Living alone without Tony, I need privacy to cry

I have made my first trip alone, in contrast to simply travelling alone. When I was writing my doctorate I travelled widely through the Czech Republic and Poland. I was confident and happy to be on my own.

Now is very different.

Then I was going home to my husband. Each day I was away he was at the end of the telephone wanting to know how I was and how my research was going.

Travelling to Orkney to scatter Tony’s ashes and to try and learn how to eat and sleep again, I no longer have that same level of confidence. Perhaps this is natural after the loss of Tony, but I feel I have “widow” stamped through me like Blackpool rock. There for everyone to see. I am shaky and do not know how to settle into this new reality – the black rings and bags under my eyes testimony to my misery. I find it difficult to look people in the eye. I am afraid of finding sympathy there.

I need privacy to cry.

Steph Booth travelled to Orkney to scatter her husband Tony’s ashes
Steph Booth travelled to Orkney to scatter her husband Tony’s ashes

Orkney is somewhere I have always wanted to visit. A land of myths and legends and ancient people. Tony was usually happy to go along with my travel suggestions, but on this one he was adamant. There was absolutely no way on this earth he was ever going to Orkney. I tried pointing out, to no avail, we had been to Copenhagen for a long weekend – and that was even further north.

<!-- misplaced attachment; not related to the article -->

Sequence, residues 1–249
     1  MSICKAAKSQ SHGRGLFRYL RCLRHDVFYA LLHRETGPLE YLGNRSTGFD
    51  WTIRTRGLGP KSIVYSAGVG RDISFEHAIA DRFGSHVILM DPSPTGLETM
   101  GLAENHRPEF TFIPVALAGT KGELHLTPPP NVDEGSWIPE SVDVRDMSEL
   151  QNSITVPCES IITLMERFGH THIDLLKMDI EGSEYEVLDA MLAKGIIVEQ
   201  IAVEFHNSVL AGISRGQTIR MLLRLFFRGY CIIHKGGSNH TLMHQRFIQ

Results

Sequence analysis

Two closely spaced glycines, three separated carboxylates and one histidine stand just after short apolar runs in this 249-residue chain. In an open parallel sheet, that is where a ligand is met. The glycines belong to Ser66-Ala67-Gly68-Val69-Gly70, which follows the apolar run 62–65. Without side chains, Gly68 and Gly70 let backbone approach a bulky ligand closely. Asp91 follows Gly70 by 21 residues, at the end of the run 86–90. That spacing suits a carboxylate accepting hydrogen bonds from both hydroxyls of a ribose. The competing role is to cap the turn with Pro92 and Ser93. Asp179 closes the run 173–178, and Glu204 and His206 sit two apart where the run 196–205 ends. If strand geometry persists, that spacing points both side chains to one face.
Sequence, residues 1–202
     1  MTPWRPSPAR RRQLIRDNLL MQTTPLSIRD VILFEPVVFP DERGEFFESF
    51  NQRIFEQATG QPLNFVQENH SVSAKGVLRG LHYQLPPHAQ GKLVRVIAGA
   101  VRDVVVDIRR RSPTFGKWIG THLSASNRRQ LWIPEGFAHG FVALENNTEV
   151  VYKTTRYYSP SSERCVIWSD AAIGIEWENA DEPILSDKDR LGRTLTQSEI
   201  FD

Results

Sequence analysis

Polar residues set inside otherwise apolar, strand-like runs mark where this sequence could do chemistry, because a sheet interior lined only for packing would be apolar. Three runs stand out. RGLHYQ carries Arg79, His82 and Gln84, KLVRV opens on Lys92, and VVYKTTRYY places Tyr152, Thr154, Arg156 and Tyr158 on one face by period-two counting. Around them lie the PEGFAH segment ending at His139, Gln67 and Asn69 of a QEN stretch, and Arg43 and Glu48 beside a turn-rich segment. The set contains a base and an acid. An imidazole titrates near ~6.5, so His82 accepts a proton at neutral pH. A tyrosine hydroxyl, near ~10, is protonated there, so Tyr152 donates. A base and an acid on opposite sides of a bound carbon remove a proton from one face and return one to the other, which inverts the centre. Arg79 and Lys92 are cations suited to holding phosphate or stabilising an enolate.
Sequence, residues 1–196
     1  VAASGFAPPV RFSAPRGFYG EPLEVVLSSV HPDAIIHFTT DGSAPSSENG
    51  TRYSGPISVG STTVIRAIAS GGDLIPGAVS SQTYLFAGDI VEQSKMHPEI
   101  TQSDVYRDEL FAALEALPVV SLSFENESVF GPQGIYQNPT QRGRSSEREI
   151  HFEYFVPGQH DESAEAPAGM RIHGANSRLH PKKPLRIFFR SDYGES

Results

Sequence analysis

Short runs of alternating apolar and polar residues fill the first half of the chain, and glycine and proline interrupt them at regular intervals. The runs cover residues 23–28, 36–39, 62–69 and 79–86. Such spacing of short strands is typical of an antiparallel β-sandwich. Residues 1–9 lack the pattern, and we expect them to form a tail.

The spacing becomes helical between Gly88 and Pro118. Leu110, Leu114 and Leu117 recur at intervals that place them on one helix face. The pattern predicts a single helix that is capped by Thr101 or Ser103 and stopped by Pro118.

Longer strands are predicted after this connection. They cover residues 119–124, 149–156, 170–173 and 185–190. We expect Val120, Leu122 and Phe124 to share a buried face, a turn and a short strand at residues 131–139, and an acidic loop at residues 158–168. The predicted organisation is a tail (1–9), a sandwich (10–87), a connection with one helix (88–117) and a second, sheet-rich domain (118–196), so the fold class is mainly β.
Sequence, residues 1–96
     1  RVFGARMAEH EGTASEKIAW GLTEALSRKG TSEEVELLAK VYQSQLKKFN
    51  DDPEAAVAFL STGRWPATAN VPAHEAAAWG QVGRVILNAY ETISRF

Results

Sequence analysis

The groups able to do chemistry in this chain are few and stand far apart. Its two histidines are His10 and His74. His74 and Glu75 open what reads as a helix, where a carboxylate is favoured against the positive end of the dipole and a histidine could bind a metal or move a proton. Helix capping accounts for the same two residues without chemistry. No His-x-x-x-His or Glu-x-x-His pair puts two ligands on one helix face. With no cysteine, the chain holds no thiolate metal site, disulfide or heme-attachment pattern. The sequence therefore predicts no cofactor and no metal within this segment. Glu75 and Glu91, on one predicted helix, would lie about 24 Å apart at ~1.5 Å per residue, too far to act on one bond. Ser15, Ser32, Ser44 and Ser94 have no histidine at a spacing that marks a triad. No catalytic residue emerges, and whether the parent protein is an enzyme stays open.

Allegedly, that was different. No matter how cold, Copenhagen is still a sophisticated metropolis, not a wind-blasted rock in the North Sea.

When Tony and I were in Copenhagen we took a train journey north to the Old Viking capital, Roskilde. There was, of course, a Viking museum. As museums go it was fine, if you like that sort of thing. And Tony did. My feeling is, if you have seen one Viking long boat then you have essentially seen them all. I dutifully trailed around allowing myself to be educated. As we were coming to the end of the exhibitions I noticed something that made my heart sink to my boots. Oh no, no, please no.

I immediately engaged Tony in earnest conversation about how far the Vikings had travelled. Why, they even made it to Dublin. Perhaps, he was right and his Irish forefathers were descended from Vikings? My sudden animation on the subject made Tony immediately suspicious. What was I trying to hide?

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